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  • St. Luke’s certified nursing assistant reflects during her fourth medical mission to Honduras
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St. Luke’s certified nursing assistant reflects during her fourth medical mission to Honduras

A Honduran interpreter supports the Faith and Humanity team by helping with intake and triage.
By Alexis Bennett, News and Community
June 14, 2019
Sydney Bishop (right) supports a Honduran physician at the first day of clinic.

St. Luke’s Meridian telehealth certified nursing assistant (CNA) Sydney Bishop is on her fourth medical mission to Honduras with the Faith and Humanity Medical Mission team. In her on-the-ground correspondence, she reflects on her first day, sharing the work she’s been able to do and how it’ll help inform her career path to becoming a registered nurse (RN).

Today was the first day of clinic in La Estancia, a town in the Honduran municipality of Morazán.

I started the day off in the clinic working in triage. I took adults’ blood pressure while an interpreter helped to find out names and ages of patients and their reason for coming.

In the afternoon, I worked with a Honduran doctor, Edgar Sanabria. He started with our team as a translator for our team years ago and is now a provider.

While working with Edgar I heard my first heart murmur—an abnormal heart sound. It was interesting to hear and learn about. I also was able to clean and bandage a wound for a patient with an infected foot. It was great practice for my work in health care.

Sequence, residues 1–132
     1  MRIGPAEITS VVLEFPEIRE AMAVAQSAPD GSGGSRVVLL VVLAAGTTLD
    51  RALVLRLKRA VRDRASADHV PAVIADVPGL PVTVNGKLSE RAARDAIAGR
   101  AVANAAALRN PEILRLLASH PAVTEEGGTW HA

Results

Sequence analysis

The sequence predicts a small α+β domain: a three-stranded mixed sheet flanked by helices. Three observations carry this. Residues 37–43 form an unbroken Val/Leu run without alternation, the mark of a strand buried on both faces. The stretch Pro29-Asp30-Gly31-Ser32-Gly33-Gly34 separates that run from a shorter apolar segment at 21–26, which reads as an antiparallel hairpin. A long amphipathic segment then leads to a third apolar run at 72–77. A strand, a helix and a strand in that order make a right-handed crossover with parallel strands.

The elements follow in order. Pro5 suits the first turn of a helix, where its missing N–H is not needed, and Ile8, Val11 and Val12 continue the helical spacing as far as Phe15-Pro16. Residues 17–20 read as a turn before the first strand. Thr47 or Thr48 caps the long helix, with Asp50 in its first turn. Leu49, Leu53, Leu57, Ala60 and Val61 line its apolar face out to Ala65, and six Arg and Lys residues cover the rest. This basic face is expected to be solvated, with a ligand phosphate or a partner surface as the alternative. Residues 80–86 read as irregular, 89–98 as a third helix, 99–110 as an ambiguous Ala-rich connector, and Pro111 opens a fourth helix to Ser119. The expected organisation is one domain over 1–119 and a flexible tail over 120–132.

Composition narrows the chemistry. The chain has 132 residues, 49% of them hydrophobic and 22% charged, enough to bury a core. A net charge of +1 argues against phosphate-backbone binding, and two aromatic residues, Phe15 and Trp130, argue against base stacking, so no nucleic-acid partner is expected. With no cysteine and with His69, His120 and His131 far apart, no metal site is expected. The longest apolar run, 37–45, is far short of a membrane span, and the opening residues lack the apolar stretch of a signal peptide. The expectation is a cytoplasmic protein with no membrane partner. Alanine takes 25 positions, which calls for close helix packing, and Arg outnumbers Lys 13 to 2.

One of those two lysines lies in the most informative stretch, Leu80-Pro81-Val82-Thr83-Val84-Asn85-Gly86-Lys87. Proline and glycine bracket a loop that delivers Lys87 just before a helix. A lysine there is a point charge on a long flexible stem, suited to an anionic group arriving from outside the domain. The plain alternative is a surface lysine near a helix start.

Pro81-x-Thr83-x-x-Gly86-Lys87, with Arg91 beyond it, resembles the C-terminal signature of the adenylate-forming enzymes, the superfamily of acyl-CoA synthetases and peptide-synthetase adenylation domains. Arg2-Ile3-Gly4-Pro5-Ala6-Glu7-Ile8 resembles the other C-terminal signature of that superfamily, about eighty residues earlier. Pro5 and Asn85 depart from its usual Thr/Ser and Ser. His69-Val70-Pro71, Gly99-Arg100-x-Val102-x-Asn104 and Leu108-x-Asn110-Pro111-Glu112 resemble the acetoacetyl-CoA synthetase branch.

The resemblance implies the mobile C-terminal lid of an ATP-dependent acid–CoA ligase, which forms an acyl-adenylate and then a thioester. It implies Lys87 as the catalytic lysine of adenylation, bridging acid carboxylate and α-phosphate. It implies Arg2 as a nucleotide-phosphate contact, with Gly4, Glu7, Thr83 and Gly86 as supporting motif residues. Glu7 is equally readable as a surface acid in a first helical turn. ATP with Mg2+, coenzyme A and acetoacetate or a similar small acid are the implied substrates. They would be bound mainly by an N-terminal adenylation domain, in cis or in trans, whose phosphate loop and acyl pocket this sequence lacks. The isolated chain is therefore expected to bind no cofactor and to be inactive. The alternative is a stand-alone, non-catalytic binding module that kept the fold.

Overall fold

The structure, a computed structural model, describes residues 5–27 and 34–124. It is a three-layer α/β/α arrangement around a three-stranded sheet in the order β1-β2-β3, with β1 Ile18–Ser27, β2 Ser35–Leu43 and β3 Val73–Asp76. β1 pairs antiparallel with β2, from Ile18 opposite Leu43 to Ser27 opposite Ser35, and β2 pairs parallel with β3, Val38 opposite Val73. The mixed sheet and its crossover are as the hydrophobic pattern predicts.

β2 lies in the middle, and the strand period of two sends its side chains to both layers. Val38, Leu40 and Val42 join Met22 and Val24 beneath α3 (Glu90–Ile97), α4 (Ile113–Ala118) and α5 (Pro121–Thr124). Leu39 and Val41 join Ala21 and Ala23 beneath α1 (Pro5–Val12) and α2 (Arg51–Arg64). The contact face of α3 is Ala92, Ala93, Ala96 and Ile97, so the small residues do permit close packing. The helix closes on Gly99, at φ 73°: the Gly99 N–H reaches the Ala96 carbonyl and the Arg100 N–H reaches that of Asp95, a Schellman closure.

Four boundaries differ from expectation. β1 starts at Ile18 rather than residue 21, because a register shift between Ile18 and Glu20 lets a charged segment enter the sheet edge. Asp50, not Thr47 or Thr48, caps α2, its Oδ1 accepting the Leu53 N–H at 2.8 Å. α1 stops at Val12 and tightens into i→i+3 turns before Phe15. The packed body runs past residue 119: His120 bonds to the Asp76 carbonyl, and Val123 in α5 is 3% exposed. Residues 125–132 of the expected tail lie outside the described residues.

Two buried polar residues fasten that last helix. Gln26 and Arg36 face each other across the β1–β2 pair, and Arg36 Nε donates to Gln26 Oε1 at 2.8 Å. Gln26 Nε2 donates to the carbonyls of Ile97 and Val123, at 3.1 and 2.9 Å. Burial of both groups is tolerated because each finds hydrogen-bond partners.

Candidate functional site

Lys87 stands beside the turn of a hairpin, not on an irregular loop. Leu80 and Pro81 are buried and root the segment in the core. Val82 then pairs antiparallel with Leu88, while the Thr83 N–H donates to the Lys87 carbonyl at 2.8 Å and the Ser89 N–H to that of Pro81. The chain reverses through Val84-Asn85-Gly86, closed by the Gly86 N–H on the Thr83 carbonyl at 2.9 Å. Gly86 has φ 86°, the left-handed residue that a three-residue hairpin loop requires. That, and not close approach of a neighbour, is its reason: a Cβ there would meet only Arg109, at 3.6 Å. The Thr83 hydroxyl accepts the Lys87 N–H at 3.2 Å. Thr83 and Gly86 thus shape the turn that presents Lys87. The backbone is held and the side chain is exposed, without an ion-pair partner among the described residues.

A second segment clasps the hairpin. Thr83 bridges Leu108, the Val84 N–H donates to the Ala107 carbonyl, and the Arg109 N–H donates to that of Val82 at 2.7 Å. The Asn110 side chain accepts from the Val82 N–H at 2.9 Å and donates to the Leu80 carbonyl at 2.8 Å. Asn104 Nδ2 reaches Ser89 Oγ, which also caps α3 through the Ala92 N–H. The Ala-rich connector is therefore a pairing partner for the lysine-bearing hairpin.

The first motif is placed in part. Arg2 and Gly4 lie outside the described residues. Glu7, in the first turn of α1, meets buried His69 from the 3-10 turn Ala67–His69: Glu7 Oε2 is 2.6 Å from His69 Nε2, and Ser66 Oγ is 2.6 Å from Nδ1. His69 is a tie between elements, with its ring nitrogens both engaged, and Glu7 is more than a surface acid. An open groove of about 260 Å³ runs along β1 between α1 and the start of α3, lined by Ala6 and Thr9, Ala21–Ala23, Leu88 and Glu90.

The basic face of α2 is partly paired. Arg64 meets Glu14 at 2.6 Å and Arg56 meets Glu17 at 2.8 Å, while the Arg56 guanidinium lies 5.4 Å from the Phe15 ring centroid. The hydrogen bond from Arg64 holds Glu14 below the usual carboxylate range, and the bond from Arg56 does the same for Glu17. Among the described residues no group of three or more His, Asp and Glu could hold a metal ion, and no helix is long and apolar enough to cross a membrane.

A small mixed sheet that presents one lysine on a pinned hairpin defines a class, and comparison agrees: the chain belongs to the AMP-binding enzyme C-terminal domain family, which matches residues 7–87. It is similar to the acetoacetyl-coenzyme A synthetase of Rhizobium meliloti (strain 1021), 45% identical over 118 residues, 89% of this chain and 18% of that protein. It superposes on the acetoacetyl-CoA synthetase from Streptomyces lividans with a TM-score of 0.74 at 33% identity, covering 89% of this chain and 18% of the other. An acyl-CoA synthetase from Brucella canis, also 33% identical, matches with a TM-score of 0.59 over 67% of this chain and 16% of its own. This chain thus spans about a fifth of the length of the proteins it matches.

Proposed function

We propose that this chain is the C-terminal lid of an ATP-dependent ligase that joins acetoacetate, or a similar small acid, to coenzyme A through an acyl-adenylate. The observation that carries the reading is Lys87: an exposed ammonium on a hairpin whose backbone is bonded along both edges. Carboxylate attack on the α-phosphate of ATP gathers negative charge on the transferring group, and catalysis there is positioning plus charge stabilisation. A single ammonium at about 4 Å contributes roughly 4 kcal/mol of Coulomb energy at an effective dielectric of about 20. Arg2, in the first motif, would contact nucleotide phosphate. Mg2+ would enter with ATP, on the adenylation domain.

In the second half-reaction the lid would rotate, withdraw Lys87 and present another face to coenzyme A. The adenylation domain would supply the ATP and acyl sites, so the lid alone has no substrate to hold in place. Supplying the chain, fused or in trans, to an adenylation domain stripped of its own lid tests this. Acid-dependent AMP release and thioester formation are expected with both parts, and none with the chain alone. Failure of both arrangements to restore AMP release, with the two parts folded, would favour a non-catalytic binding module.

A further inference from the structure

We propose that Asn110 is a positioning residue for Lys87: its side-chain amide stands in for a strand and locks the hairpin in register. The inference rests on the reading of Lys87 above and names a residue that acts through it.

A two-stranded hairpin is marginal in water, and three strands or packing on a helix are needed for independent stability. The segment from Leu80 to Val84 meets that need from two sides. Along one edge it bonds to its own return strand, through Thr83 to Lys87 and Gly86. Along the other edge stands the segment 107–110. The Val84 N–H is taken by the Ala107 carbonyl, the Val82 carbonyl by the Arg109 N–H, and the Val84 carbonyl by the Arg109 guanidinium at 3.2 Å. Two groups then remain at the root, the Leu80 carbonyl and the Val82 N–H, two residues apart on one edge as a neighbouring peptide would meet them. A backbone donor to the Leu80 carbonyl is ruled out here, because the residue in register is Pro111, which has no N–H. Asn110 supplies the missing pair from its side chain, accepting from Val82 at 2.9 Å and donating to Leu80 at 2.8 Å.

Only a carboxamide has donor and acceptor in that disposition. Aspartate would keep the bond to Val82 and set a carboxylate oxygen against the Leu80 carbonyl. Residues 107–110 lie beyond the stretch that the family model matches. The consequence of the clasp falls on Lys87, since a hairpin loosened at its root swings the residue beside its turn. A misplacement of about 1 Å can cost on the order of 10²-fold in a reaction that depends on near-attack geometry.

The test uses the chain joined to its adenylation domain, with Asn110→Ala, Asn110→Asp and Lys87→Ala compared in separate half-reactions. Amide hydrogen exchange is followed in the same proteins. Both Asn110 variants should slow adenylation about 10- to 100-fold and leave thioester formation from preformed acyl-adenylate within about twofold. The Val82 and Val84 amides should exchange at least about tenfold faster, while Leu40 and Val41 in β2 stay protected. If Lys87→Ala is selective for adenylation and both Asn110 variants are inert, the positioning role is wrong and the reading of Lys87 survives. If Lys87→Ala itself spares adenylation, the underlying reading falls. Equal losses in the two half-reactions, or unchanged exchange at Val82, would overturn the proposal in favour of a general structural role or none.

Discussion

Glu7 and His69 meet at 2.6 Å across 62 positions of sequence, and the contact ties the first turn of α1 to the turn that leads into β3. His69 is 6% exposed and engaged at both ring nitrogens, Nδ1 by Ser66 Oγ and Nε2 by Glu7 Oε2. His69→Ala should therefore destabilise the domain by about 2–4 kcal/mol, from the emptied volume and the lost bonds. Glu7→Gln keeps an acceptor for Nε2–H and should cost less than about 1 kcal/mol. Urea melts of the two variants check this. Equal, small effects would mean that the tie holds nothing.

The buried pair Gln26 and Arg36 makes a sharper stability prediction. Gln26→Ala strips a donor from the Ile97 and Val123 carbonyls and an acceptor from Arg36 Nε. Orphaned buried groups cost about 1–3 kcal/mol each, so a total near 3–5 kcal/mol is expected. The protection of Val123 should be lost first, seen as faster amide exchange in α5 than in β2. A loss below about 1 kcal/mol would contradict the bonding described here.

While here, I have made great friends with Honduran doctors Jose Kury, Jose Bolanos, Maria Navarrete and Alejandra Hernandez, who have been teaching me during clinics.

Over the years, I’ve also become very close friends with Carlos Gonzales Belisle, an interpreter from San Pedro, Honduras. Through the trips we have created a strong friendship that we’ll have forever. 

Volunteer physicians and students and local providers take vitals at a pop-up clinic.

I’ve also made connections at St. Luke’s on this trip. I’m getting to know Drs. Leslie Nona and Stephen Montamat and St. Luke’s employees from all over the hospital – from X-ray to pediatrics to the emergency department. I’ve also met Dr. Nona’s pre-med student/intern, Estefania Contreras who has been an interpreter and aid to Dr. Nona on the trip.

I’m excited to make new friendships and strengthen old bonds with the team.

This is my fourth trip, but my first time working on the medical side of the operation. It’s great experience for me as I seek to pursue a career in health care.

This trip has greatly inspired each of us students.

Women and children, who don't often have health care coverage, wait to be seen at clinics.

About The Author

Alexis Bennett is a consultant for St. Luke's Community Health and Engagement.